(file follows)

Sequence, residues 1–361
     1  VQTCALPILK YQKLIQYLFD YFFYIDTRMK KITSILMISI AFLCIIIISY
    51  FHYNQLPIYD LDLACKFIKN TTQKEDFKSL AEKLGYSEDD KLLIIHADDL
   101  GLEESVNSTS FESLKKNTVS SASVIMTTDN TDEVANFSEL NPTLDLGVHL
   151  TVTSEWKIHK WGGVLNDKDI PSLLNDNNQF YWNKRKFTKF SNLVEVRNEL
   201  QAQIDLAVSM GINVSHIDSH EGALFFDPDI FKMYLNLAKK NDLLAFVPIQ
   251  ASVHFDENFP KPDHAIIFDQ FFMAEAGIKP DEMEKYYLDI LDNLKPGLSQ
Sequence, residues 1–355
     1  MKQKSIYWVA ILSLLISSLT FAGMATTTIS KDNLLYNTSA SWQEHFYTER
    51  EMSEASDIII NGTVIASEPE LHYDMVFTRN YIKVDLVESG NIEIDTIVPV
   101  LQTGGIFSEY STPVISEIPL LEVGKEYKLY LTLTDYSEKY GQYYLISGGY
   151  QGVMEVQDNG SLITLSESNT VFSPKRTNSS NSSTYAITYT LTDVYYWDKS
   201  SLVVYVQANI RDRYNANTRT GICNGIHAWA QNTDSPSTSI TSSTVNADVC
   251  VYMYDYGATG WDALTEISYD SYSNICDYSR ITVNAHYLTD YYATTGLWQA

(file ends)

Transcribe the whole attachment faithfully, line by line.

Sequence, residues 1–361
     1  VQTCALPILK YQKLIQYLFD YFFYIDTRMK KITSILMISI AFLCIIIISY
    51  FHYNQLPIYD LDLACKFIKN TTQKEDFKSL AEKLGYSEDD KLLIIHADDL
   101  GLEESVNSTS FESLKKNTVS SASVIMTTDN TDEVANFSEL NPTLDLGVHL
   151  TVTSEWKIHK WGGVLNDKDI PSLLNDNNQF YWNKRKFTKF SNLVEVRNEL
   201  QAQIDLAVSM GINVSHIDSH EGALFFDPDI FKMYLNLAKK NDLLAFVPIQ
   251  ASVHFDENFP KPDHAIIFDQ FFMAEAGIKP DEMEKYYLDI LDNLKPGLSQ
Sequence, residues 1–355
     1  MKQKSIYWVA ILSLLISSLT FAGMATTTIS KDNLLYNTSA SWQEHFYTER
    51  EMSEASDIII NGTVIASEPE LHYDMVFTRN YIKVDLVESG NIEIDTIVPV
   101  LQTGGIFSEY STPVISEIPL LEVGKEYKLY LTLTDYSEKY GQYYLISGGY
   151  QGVMEVQDNG SLITLSESNT VFSPKRTNSS NSSTYAITYT LTDVYYWDKS
   201  SLVVYVQANI RDRYNANTRT GICNGIHAWA QNTDSPSTSI TSSTVNADVC
   251  VYMYDYGATG WDALTEISYD SYSNICDYSR ITVNAHYLTD YYATTGLWQA